Obviously, that didn’t happen. At the risk of sounding biased, I will state here that the way this project was carried out seems to reflect a mindset which is evident in other actions of the Obama administration. The President and a circle of powerful like-minded people in the administration have a set of ideas which they all agree on as The Way Things Should Be. Philosophically, they are idealists in the sense that they start with ideas, and then try to make reality conform to their ideas. Evidently, the political people in charge of implementing Obamacare were coming up with more ideas for the website right up to the time that it was turned on, and disregarded the hard engineering realities of designing a website that must handle many millions of users who are faced with a fine if they don’t sign up for insurance through the site by the end of the year.
The problem with philosophical idealism is that it sometimes collides with reality, and in such collisions, reality always wins. In such encounters, idealists may or may not learn the error of their ways. Of necessity, they end up doing what reality requires them to do, but often in a way that is inefficient, expensive, and more trouble than otherwise.
A new deadline of November 30 has been announced as the day by which www.healthcare.gov will be working. Jeffrey Zients, the Chief Performance Officer of the United States, is now in charge of fixing it, and has declared publicly that “Healthcare.gov is fixable.” Any system that is not physically impossible is fixable given enough time and resources, but only time will tell whether Zients and his underlings can get the repairs done on time.
But the rocky startup has added more fuel to the fire of ill feeling that the US public in general harbours toward the federal government. In a poll by the Pew Research Center for the People and the Press released in late October, only 19 percent of those polled said that they trust the government in Washington to do what is right just about always or most of the time. Before about 1970, most people did have such trust, but the trend since the early 1960s has been downward, falling below 50 percent around 1973 (the peak of the Vietnam War) and has risen above 50 percent since then only once: right after 9/11/2001 and the first war in Afghanistan.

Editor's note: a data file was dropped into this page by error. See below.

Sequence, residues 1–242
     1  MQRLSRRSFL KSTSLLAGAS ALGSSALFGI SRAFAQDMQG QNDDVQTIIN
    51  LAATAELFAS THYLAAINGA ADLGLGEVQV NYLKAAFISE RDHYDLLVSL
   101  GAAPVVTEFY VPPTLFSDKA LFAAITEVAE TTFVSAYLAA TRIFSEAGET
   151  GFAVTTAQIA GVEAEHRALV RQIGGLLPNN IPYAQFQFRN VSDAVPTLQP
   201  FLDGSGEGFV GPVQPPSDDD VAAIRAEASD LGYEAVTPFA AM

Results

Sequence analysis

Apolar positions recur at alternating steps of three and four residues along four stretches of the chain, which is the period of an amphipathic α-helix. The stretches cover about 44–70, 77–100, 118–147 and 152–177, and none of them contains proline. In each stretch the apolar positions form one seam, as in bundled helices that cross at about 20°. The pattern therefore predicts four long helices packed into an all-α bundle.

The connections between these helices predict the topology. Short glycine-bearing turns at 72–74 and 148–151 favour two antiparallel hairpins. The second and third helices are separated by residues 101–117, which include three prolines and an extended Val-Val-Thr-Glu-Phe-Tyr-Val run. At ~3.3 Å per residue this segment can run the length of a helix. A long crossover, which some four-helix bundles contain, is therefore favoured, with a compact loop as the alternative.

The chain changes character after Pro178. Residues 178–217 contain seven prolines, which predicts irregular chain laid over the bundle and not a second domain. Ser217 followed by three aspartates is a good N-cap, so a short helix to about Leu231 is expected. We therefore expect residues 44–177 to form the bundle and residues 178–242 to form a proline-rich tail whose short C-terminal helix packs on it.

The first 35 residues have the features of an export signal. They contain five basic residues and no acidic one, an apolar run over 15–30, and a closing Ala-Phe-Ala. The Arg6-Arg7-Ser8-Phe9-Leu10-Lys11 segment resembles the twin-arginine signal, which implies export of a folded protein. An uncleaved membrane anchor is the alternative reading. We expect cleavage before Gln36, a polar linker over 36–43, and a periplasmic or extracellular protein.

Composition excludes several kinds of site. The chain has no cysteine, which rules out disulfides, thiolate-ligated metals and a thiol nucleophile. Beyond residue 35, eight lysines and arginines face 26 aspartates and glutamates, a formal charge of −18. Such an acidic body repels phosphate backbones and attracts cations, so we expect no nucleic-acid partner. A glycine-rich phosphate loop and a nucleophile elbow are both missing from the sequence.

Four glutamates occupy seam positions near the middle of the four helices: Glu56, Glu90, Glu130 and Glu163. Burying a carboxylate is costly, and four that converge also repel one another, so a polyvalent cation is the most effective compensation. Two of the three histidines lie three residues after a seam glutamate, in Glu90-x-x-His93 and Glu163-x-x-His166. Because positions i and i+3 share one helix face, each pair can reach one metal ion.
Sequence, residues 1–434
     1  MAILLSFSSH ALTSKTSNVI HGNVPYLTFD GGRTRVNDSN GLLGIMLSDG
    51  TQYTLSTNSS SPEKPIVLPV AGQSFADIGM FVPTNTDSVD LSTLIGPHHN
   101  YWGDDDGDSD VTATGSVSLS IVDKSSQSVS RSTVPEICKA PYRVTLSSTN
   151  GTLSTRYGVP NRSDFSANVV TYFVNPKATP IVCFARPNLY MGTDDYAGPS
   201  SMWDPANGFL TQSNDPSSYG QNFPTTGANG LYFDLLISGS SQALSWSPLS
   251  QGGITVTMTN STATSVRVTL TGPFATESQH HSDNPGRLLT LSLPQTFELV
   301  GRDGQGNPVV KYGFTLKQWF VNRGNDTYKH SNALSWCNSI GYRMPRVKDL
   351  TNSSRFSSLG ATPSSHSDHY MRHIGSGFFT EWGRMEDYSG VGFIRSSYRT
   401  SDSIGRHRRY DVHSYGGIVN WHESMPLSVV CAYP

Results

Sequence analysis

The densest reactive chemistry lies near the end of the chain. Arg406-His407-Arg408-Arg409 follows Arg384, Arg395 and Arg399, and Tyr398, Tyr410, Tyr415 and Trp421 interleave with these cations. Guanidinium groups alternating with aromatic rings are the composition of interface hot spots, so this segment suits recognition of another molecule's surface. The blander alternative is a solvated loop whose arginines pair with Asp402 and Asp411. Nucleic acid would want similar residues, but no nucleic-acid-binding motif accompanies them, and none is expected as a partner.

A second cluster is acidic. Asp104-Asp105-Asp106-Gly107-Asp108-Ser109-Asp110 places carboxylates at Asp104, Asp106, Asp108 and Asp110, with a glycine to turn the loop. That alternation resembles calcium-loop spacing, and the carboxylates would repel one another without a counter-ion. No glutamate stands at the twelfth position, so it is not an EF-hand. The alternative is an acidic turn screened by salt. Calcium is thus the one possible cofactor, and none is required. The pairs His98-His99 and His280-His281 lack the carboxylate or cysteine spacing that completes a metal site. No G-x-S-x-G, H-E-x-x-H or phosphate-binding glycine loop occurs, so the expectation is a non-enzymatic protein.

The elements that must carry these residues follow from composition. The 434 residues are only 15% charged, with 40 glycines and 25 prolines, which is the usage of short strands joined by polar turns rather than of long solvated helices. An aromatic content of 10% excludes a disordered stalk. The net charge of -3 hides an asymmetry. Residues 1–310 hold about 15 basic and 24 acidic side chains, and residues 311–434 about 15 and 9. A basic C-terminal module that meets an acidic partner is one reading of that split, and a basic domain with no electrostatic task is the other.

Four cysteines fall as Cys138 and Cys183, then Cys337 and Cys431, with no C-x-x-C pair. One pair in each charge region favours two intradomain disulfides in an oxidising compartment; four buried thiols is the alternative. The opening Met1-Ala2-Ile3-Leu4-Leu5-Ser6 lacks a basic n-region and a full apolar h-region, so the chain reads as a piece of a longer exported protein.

The fact that most people in the US no longer think that their government can be trusted in this way goes beyond partisan politics to signal deep structural problems in the way power is allocated and used. This is much more than a problem in engineering ethics, but engineers have to deal with it like everyone else. And those working on www.healthcare.gov bear a particular responsibility to exhibit leadership in the days to come.
Karl D. Stephan is a professor of electrical engineering at Texas State University in San Marcos, Texas. This article has been republished, with permission, from his blog, Engineering Ethics, which is a MercatorNet partner site.